Confession: This one is a bit outside of Harrisburg. Of course, if you live in Harrisburg, you know that most of “Harrisburg” lies outside of Harrisburg. It’s complicated. Many of us count everything south of the Kittatinny Ridge in Dauphin County as “Harrisburg.” Indeed, nothing to the west of the Susquehanna River is Harrisburg, although stuff in the middle of the river counts. Obviously. As I said, it’s complicated.
Ur turn cafe is quite a bit to the east of Harrisburg proper, in the Skyline-area outskirts on the road to the famous town of Hershey, but I’m calling it. This place is pure Harrisburg. There is a quiet but active underground of gamers in this city. We’re lucky enough to have a few good gaming and hobby shops. Then again, that really is a function of population density. Really, I have no idea what it’s like to be the only Dungeons & Dragons-loving kid in the middle of Juniata County or in the middle of Iowa. That can’t be easy. Again, I’m finding myself drawn to the exoticism of the coffeehouses now popping up in the Harrisburg area.
When I got here, the place was deserted. Well, not entirely. Co-owner Tyson was there waiting on his wife (another co-owner) to get in from Hershey. There was apparently a traffic jam of sorts up there (not surprising for Hershey). Unfortunately, the traffic had caught everyone by surprise and there wasn’t even any coffee on! Tyson offered to rectify this situation for me immediately and I gratefully accepted. That’s when he and I got to talking. The announcement for urturn cafe came out in a June 2020 issue of PennLive. Yes, he, his wife, and his brother-in-law opened this place smack dab in the middle of the worst days of the plague.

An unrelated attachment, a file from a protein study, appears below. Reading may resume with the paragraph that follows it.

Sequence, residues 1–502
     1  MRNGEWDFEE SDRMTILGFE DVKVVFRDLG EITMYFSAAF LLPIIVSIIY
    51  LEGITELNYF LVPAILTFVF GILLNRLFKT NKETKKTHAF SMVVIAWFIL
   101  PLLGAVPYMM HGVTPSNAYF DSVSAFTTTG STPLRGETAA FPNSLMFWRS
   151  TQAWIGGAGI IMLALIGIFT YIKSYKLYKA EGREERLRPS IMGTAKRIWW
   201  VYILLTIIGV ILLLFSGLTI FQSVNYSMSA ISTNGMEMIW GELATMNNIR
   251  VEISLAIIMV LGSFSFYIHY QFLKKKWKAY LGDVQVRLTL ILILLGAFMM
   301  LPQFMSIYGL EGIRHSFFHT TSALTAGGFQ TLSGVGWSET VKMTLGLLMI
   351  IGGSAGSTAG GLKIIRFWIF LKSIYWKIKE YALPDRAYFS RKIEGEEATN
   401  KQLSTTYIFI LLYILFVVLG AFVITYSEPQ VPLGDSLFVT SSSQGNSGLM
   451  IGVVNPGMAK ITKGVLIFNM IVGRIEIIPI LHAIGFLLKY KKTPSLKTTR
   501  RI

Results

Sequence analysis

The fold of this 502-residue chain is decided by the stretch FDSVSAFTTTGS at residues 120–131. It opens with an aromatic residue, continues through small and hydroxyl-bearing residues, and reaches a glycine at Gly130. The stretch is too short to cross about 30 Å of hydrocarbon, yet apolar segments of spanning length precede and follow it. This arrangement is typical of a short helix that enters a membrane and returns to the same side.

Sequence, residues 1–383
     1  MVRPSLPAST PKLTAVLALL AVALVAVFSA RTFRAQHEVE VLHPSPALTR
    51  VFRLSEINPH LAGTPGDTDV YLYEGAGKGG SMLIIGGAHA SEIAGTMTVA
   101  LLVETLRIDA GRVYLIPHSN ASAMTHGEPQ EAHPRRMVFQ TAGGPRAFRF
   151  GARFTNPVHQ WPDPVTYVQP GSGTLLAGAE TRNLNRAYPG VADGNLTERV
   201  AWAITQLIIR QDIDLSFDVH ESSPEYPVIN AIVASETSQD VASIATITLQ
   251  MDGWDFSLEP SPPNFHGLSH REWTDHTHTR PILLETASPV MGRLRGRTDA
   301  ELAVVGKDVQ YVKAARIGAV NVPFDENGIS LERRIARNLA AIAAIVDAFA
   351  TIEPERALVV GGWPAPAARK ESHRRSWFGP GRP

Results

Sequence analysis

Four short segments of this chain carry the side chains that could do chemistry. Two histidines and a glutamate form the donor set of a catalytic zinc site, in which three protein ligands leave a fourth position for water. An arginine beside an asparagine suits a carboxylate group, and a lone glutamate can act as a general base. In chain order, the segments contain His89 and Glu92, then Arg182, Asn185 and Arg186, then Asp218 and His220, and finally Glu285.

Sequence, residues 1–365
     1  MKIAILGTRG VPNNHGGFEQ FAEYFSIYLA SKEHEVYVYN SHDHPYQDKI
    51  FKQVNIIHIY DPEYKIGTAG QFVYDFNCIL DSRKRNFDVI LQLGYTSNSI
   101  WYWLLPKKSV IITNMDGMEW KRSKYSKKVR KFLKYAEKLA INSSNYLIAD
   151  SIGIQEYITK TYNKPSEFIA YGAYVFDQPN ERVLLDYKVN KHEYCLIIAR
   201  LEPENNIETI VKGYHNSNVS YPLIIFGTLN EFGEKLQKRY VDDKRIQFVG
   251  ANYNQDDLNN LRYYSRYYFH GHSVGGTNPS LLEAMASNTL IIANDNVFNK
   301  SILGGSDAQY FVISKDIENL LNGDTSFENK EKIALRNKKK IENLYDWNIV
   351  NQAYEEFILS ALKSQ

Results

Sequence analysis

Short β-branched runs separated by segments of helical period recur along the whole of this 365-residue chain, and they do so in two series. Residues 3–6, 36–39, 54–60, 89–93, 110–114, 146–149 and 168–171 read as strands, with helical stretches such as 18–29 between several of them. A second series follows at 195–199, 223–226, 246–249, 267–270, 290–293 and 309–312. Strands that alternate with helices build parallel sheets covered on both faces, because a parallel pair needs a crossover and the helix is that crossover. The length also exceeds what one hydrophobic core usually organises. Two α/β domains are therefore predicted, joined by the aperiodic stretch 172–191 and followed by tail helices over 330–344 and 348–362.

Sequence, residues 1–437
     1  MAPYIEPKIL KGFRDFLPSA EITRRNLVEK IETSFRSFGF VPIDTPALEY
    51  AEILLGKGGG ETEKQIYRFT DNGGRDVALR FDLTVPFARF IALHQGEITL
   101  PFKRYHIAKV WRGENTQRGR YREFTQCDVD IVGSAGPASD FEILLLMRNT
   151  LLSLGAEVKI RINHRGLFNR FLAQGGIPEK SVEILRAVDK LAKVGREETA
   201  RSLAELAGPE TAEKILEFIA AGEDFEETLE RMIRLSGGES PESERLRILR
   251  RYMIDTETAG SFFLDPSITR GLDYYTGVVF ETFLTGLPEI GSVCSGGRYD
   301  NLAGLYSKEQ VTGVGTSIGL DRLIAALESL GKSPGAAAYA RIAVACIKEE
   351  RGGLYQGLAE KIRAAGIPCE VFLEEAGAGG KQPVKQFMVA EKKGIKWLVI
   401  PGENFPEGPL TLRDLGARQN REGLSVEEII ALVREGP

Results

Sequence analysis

The odds were certainly against them, but today, the shop appears to be thriving. In fact, Tyson told me all about an upcoming tournament being held in the big dining room, and the poster board was laden with advertisements for upcoming sci-fi and fantasy-related events. There was also evidence of a massive kitchen. I had time to look at everything as I was waiting for my coffee. I also had time to talk to Tyson about the nerd stuff that we clearly both enjoy. After a few minutes of deep-diving into gaming, I could tell that Tyson was a true gaming geek. I don’t want to sound like a gatekeeper right now by saying “true” geek. Scratch that, I’m fine with it. Authenticity is important. If you can’t tell the difference between authentic and inauthentic, you must be a postmodernist, and you deserve an upbraiding for that alone. But I digress. This dude is authentic.
The coffee I got was Citavo’s Arabica house blend. Yes, the Sysco Citavo. Yes, the mass-produced kind. I know, I’m supposed to hate it. But I didn’t. I mean, OK, this was technically diner coffee, but at least it was a higher-end diner coffee. The owners made the effort to cull the best from the company, and that was admirable! The brewing itself was exemplary. It takes real know-how to turn a basic brew into something tasty. In this case, the saving element was that Tyson knew to brew a simple Arabica extra long in order to squeeze out the last of the flavor. A cunning move, sir! It certainly didn’t have the astringent taste of typical diner fare after that. I’m sure his coffee fuels many a long night of D&D. Or GURPS. Yeah, I like GURPS better, fight me.
So yeah, if you’re like me and enjoy everything from board games to tabletop roleplaying games, be sure to stop by this place. It’s an oasis in the middle of the vast expanse of Route 22/Jonestown Road. We’ve saved what is perhaps the most purely exotic for last. I’ll let you wonder what that might be. Until the last part of this leg, stay caffeinated.